On the convergence of wired and wireless access network architectures
Wired and wireless access networks continue to evolve toward higher-capacity, multi-service systems. Recent wireless broadband networks such as 3G LTE and WiMax provide a general-purpose IP platform with over-the-top services at the application layer, which is similar to the design of wired IP platform networks. This paper examines whether wired and wireless access networks are likely to converge on a common architecture, or if not, whether wireless networks are likely to converge on a common wireless architecture. We conclude that the answer to both questions is No. We identify fundamental and persistent differences between wired and wireless networking that will propel wired and wireless access network architectures on divergent evolutionary paths. Whereas we expect wired broadband access networks to continue to evolve toward a common general-purpose platform architecture, we expect wireless networks to remain heterogeneous. The inherent scarcity of radio frequency spectrum emerges as the key reason for this prediction. We examine the implications of divergent evolutionary paths for market structure and regulatory policy.
If you experience problems downloading a file, check if you have the proper application to view it first. In case of further problems read the IDEAS help page. Note that these files are not on the IDEAS site. Please be patient as the files may be large.
As the access to this document is restricted, you may want to look for a different version under "Related research" (further below) or search for a different version of it.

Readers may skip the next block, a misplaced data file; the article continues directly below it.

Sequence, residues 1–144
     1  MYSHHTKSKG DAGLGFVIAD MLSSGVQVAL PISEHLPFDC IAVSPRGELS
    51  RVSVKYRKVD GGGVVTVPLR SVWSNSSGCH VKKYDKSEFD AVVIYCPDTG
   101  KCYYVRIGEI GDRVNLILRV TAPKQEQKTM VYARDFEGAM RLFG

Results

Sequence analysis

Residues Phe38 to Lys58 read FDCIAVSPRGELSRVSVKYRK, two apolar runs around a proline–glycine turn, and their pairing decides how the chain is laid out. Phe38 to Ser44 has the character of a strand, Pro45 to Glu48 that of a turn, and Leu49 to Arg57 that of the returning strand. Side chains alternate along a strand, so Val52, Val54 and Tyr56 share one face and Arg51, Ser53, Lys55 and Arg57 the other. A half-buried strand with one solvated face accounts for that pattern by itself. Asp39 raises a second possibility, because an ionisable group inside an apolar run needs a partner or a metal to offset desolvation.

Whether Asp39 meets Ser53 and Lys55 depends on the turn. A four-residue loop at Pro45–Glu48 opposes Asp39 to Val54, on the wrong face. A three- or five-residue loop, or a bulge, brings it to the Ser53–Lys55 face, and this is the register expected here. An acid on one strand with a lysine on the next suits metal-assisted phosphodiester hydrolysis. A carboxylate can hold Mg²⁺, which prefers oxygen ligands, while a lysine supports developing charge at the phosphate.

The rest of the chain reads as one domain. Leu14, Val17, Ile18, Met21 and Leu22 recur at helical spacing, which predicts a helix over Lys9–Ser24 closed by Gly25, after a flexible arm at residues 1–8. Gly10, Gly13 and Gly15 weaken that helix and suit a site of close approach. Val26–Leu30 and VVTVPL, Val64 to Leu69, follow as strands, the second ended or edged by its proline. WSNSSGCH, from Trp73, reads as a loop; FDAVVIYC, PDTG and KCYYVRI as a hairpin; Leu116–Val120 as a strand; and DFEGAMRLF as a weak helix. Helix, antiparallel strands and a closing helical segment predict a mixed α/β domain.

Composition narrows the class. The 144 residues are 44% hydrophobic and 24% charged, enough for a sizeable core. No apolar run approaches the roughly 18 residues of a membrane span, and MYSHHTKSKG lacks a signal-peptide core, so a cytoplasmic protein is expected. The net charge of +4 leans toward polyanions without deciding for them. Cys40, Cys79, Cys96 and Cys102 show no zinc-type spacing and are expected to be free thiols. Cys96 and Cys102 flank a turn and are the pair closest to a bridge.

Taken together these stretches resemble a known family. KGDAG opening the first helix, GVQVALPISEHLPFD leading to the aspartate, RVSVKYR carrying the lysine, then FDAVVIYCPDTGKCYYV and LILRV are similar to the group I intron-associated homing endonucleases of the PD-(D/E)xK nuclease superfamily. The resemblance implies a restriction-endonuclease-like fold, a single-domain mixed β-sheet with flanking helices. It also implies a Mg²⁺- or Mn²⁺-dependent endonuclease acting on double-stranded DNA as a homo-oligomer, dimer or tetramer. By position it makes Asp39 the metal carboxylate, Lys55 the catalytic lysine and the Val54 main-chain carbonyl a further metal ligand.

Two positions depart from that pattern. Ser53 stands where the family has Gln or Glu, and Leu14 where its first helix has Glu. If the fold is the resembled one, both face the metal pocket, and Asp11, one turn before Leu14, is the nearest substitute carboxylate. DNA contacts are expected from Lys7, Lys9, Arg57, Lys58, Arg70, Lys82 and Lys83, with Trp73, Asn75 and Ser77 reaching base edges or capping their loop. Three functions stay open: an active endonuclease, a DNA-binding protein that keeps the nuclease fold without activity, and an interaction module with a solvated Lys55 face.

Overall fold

References listed on IDEAS
Please report citation or reference errors to , or , if you are the registered author of the cited work, log in to your RePEc Author Service profile, click on "citations" and make appropriate adjustments.:
- Amendola, Giovanni Battista & Pupillo, Lorenzo Maria, 2008. "The Economics of Next Generation Access Networks and Regulatory Governance: Towards Geographic Patterns of Regulation," MPRA Paper 8823, University Library of Munich, Germany.
- Mindel, Joshua L & Sicker, Douglas C., 2006. "Leveraging the EU regulatory framework to improve a layered policy model for US telecommunications markets," Telecommunications Policy, Elsevier, vol. 30(2), pages 136-148, March.
- Schankerman, Mark, 1996. "Symmetric regulation for competitive telecommunications," Information Economics and Policy, Elsevier, vol. 8(1), pages 3-23, March.
- Odlyzko, Andrew, 2000. "The Internet and other networks: utilization rates and their implications," Information Economics and Policy, Elsevier, vol. 12(4), pages 341-365, December.
- Giovanni Battista AMENDOLA & Lorenzo Maria PUPILLO, 2008. "The Economics of Next Generation Access Networks and Regulatory Governance: Towards Geographic Patterns of Regulation," Communications & Strategies, IDATE, Com&Strat dept., vol. 1(69), pages 85-108, 1st quart.
- Gregory Rosston & Michael Topper, 2009. "An Antitrust Analysis of the Case for Wireless Network Neutrality," Discussion Papers 08-040, Stanford Institute for Economic Policy Research.
When requesting a correction, please mention this item's handle: RePEc:eee:iepoli:v:22:y:2010:i:1:p:33-41. See general information about how to correct material in RePEc.
For technical questions regarding this item, or to correct its authors, title, abstract, bibliographic or download information, contact: (Zhang, Lei)
If you have authored this item and are not yet registered with RePEc, we encourage you to do it here. This allows to link your profile to this item. It also allows you to accept potential citations to this item that we are uncertain about.
If references are entirely missing, you can add them using this form.
If the full references list an item that is present in RePEc, but the system did not link to it, you can help with this form.
If you know of missing items citing this one, you can help us creating those links by adding the relevant references in the same way as above, for each refering item. If you are a registered author of this item, you may also want to check the "citations" tab in your profile, as there may be some citations waiting for confirmation.
Please note that corrections may take a couple of weeks to filter through the various RePEc services.